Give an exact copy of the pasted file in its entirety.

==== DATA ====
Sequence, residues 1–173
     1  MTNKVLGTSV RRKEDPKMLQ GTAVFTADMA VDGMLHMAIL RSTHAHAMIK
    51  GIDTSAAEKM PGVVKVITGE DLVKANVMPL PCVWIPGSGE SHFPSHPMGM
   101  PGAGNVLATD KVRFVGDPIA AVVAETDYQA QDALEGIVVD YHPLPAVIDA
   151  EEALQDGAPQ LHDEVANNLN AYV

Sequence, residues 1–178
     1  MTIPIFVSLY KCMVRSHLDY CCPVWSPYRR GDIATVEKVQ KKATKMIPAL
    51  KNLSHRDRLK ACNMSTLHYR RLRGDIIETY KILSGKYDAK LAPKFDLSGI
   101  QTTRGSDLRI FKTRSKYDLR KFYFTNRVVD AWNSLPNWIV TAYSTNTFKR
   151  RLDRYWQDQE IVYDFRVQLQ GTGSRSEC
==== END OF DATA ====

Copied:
Sequence, residues 1–173
     1  MTNKVLGTSV RRKEDPKMLQ GTAVFTADMA VDGMLHMAIL RSTHAHAMIK
    51  GIDTSAAEKM PGVVKVITGE DLVKANVMPL PCVWIPGSGE SHFPSHPMGM
   101  PGAGNVLATD KVRFVGDPIA AVVAETDYQA QDALEGIVVD YHPLPAVIDA
   151  EEALQDGAPQ LHDEVANNLN AYV

Sequence, residues 1–178
     1  MTIPIFVSLY KCMVRSHLDY CCPVWSPYRR GDIATVEKVQ KKATKMIPAL
    51  KNLSHRDRLK ACNMSTLHYR RLRGDIIETY KILSGKYDAK LAPKFDLSGI
   101  QTTRGSDLRI FKTRSKYDLR KFYFTNRVVD AWNSLPNWIV TAYSTNTFKR
   151  RLDRYWQDQE IVYDFRVQLQ GTGSRSEC